Getting into Reading May 20, 2016 – Posted in: Book News – Tags: ,

This week we’ve been looking at books that can bridge the gap between picture books and young fiction. For some children stepping up to young fiction can seem a slightly daunting proposition whereas others may be either reluctant readers or want to dive into something more challenging. In recent years, there has been a number of titles published, that try to address these issues through skilful writing and innovative illustration and book design.

claude 500pxClaude: Going for Gold is the latest in the wonderful series by Alex T.Smith and sees Claude and his long-suffering friend Sir Bobblysock discover a Very Exciting Sports Competition at their local sports centre. With a whole host of massive sporting events this summer, including the Olympic games in Rio and the European Cup, this book will spark the interest of any child with a love of sports. The humorous illustrations and text are ideal for developing readers.

1Dixie O’Day in the Fast Lane is the first book in a very funny series by mother and daughter team Shirley Hughes and Clara Vulliamy. Dixie and Percy are always getting into adventures and they enter theAll-Day Car Race little knowing what is ahead of them! Dixie and Percy run into all sorts of peril, as does their arch enemy, Lou Ella. But who will win? These beautifully designed books have short, sharp chapters that are perfect for young readers and the lovely little details on each page make for repeat readings.

Rabbit and bear 500px

Rabbit and Bear is the debut children’s book by playwright Julian Gough, with illustrations by Roald Dahl FunnyPrize Winner Jim Field. This hilarious tale of a Rabbit who likes to eat poo and an eternally optimistic Bear is reminiscent of the work of A.A Milne and like many of the tales of Winnie the Pooh, it touches on the subject of friendship and trying to be yourself.

1Polly and the Puffin is the debut children’s book by best-selling novelist Jenny Colgan.This unique story of friendship between a girl and an injured puffin is full of beautiful retro illustrations by Thomas Doherty, the story has a sweet and charming narrative that introduces a character in Neil the Puffin, that everyone will fall in love with. There is also nice touch at the end with some activities, jokes, and recipes.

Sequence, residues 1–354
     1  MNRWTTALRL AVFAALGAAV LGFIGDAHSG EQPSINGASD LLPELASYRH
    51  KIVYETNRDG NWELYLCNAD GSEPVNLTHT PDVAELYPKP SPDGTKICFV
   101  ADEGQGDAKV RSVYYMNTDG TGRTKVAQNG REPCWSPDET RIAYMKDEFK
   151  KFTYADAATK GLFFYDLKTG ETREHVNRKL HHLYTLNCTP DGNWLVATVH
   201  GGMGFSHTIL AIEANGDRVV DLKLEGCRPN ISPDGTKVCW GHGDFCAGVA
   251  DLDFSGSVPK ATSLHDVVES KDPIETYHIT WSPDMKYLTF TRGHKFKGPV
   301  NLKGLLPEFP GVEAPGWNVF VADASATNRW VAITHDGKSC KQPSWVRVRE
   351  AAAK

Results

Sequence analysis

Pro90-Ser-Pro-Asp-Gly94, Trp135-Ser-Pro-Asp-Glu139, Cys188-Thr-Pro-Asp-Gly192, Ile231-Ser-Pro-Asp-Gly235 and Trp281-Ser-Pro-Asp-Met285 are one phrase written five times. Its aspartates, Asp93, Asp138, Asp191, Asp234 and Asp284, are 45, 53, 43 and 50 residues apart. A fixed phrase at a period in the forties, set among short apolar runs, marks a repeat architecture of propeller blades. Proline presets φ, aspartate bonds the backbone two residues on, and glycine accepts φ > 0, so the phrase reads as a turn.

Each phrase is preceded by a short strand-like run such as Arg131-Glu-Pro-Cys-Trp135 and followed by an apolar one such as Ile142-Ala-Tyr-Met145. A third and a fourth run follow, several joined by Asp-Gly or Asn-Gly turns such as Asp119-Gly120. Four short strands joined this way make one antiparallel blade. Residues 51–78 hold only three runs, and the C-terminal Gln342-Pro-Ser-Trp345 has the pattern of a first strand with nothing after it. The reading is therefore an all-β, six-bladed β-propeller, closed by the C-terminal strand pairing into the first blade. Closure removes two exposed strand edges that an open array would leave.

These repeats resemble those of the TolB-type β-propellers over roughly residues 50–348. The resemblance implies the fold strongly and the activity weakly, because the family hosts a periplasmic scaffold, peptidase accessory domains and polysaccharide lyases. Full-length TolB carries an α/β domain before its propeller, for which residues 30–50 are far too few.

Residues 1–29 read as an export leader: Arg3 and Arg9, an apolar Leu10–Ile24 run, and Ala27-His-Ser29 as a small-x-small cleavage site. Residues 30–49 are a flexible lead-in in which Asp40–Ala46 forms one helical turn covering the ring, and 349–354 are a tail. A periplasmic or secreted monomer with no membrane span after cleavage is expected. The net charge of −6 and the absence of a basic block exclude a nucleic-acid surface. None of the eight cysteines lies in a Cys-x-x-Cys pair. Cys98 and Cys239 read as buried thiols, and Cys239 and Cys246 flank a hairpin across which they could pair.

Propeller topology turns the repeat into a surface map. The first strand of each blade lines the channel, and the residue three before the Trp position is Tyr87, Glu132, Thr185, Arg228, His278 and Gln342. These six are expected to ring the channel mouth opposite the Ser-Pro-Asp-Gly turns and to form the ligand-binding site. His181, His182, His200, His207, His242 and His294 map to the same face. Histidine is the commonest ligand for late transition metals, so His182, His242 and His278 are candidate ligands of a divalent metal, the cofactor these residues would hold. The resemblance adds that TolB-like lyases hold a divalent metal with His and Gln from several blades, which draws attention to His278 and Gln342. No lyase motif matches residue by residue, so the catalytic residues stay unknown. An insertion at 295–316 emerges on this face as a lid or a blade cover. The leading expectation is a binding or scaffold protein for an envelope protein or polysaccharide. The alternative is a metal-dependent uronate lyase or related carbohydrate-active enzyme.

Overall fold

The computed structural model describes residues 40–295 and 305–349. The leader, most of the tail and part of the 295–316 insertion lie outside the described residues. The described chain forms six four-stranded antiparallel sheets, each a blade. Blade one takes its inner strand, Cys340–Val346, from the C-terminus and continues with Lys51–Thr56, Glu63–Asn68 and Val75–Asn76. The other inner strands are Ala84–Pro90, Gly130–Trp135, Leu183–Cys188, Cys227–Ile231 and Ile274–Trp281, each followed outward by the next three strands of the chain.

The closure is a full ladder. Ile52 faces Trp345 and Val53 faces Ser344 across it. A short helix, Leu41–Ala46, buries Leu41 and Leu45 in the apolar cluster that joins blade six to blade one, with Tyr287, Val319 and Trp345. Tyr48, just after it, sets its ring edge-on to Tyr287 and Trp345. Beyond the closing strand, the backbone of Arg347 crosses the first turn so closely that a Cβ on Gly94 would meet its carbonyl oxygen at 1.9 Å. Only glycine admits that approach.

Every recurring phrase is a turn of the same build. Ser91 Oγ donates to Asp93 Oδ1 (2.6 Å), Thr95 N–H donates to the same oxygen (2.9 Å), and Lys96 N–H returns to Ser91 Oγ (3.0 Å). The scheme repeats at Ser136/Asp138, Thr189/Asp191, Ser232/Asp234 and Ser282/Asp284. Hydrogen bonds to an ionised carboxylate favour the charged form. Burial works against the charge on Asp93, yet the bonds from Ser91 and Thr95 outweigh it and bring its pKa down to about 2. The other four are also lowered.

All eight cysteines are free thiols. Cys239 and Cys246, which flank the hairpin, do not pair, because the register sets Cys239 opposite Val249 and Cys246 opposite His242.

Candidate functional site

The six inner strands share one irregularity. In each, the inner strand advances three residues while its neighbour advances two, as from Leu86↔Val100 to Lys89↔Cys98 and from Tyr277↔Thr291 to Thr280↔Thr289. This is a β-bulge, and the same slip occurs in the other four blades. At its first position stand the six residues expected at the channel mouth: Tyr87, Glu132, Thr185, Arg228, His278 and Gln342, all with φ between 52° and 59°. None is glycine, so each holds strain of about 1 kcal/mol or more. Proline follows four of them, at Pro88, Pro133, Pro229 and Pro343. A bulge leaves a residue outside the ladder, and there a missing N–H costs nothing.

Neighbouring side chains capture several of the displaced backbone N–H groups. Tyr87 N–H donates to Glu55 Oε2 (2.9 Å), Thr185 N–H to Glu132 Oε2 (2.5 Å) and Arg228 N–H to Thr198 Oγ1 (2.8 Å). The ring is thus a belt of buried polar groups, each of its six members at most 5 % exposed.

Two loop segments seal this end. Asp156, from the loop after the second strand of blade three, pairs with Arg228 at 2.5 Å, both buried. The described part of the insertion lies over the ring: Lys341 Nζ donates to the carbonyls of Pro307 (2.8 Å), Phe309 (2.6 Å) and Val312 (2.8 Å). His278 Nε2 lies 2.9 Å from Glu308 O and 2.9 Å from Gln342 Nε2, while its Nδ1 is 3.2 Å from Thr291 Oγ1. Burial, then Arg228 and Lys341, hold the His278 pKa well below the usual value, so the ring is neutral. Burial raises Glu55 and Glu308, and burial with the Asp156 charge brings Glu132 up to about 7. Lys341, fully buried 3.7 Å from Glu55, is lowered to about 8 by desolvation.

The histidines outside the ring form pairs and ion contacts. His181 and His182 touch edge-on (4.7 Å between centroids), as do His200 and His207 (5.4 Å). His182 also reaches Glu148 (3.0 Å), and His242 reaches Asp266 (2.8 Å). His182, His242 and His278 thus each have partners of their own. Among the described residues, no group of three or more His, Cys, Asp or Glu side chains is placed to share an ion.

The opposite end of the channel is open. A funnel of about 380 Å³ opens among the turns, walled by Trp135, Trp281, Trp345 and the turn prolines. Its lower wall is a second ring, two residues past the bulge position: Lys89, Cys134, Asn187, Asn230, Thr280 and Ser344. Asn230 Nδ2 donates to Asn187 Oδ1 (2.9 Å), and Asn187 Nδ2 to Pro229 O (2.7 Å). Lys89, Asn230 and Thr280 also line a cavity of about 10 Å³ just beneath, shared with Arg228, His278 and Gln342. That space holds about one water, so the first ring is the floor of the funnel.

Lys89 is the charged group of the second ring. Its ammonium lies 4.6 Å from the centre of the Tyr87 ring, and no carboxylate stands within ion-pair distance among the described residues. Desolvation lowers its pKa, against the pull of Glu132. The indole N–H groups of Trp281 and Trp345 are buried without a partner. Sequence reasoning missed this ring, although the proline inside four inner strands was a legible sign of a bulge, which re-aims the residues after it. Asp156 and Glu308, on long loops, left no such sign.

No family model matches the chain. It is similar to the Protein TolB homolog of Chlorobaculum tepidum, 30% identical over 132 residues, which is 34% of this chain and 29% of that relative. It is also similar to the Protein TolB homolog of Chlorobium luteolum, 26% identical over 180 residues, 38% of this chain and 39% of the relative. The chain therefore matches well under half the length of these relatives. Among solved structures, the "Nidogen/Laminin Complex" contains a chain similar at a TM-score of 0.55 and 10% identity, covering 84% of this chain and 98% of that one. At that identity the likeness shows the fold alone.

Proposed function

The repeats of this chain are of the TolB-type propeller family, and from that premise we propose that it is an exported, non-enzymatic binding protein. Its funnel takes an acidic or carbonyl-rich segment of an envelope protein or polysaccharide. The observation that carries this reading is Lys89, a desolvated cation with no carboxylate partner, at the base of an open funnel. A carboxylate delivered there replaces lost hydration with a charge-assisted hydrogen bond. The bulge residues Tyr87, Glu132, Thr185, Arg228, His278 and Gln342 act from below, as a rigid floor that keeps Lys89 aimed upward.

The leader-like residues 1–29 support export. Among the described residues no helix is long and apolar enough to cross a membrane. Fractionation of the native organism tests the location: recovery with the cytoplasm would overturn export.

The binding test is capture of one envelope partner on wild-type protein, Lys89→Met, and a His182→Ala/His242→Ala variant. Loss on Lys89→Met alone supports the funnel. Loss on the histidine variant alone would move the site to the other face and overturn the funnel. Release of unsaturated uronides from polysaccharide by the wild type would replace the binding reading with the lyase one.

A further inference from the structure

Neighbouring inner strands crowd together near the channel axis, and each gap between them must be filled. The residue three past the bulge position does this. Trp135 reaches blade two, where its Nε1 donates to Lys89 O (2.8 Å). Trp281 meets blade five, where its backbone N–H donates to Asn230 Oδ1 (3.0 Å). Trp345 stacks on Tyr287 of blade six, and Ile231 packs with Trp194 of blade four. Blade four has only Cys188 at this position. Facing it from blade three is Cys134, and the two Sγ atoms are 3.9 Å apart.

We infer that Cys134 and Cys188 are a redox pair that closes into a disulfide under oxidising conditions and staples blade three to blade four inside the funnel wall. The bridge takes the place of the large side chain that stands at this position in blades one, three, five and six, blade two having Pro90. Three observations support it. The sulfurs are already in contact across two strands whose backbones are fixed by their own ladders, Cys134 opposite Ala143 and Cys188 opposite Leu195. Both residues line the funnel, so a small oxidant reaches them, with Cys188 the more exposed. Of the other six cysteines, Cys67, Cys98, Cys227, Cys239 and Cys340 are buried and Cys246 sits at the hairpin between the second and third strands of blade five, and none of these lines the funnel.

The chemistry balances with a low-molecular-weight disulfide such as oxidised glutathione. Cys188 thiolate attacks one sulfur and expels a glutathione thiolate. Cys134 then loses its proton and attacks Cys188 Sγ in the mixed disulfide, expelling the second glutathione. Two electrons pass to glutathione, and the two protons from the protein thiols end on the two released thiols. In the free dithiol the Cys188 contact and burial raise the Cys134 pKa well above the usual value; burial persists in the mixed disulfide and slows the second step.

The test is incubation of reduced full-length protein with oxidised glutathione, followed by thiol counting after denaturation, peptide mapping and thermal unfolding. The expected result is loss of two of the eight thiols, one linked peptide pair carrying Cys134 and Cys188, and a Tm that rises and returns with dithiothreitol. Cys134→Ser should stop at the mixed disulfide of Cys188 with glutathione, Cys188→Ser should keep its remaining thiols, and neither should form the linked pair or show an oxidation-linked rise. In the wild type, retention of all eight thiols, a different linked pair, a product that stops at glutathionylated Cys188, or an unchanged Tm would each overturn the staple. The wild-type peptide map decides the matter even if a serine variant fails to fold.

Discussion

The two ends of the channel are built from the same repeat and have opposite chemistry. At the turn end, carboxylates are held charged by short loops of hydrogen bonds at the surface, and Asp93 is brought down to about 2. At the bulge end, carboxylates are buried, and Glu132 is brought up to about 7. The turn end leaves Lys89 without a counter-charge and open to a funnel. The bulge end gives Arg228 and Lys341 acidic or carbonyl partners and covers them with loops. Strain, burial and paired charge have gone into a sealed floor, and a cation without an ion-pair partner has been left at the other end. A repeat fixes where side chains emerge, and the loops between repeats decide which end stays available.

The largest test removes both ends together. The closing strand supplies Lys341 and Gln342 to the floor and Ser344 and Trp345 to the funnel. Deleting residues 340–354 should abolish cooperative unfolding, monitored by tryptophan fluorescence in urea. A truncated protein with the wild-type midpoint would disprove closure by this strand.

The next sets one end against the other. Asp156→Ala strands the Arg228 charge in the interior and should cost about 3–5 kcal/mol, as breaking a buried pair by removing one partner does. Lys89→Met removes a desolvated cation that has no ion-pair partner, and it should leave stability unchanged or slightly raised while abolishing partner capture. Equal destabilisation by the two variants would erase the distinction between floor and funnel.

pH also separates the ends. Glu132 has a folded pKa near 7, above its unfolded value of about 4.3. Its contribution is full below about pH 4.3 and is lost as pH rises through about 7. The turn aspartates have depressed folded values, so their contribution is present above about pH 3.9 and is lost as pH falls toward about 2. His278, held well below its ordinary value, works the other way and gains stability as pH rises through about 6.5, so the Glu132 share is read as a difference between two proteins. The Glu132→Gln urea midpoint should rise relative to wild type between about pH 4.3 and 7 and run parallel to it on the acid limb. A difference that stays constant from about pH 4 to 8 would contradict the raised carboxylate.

For slightly longer or more challenging stories see our list for year 3 includingblue moon

Blue Moon by Jenny Oldfield is the story of Anna, whose mum Kerry gets sick and faces big hospital bills, her dad
Rex says they need to sell off their most valuable horses. Anna knows her own horse Blue Moon is the best on the ranch, so she decides to hide him in an abandoned barn. A poignant text with beautiful pencil illustrations by Gary Blythe. As with all Barrington Stoke books, this book has a dyslexia-friendly layout, typeface, and paper stock and has been edited to a reading age of 8.

jolly rogersThe Jolley-Rogers and the Monster’s Gold is the third book in the series by Jonny Duddle, author and illustrator of the Award Winning ‘The Pirates Next Door’. When Jim Lad and his Dad discover a treasure map inside an old bottle, they set sail to find the mysterious island. Only to end up in the belly of the dastardly Pirate Cruncher! We love the exuberance and inventiveness of Jonny Duddles’ books, and this one, in particular, is a non-stop action packed adventure and a great introduction to chapter books.